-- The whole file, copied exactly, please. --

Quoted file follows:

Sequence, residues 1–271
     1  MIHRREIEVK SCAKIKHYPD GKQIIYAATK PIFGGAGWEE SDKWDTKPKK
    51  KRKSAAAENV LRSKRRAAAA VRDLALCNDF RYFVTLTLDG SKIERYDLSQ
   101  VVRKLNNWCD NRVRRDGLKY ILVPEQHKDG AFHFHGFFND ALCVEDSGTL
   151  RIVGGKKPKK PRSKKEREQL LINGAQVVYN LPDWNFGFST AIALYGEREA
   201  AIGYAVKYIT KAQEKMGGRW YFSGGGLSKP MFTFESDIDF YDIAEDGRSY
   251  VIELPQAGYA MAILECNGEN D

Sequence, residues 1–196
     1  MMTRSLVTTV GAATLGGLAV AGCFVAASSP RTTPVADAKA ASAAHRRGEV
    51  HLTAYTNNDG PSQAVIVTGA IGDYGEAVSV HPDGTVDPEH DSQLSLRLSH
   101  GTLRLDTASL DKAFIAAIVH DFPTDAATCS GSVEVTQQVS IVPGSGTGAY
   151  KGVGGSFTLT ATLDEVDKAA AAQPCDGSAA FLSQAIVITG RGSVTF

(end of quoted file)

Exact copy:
Sequence, residues 1–271
     1  MIHRREIEVK SCAKIKHYPD GKQIIYAATK PIFGGAGWEE SDKWDTKPKK
    51  KRKSAAAENV LRSKRRAAAA VRDLALCNDF RYFVTLTLDG SKIERYDLSQ
   101  VVRKLNNWCD NRVRRDGLKY ILVPEQHKDG AFHFHGFFND ALCVEDSGTL
   151  RIVGGKKPKK PRSKKEREQL LINGAQVVYN LPDWNFGFST AIALYGEREA
   201  AIGYAVKYIT KAQEKMGGRW YFSGGGLSKP MFTFESDIDF YDIAEDGRSY
   251  VIELPQAGYA MAILECNGEN D

Sequence, residues 1–196
     1  MMTRSLVTTV GAATLGGLAV AGCFVAASSP RTTPVADAKA ASAAHRRGEV
    51  HLTAYTNNDG PSQAVIVTGA IGDYGEAVSV HPDGTVDPEH DSQLSLRLSH
   101  GTLRLDTASL DKAFIAAIVH DFPTDAATCS GSVEVTQQVS IVPGSGTGAY
   151  KGVGGSFTLT ATLDEVDKAA AAQPCDGSAA FLSQAIVITG RGSVTF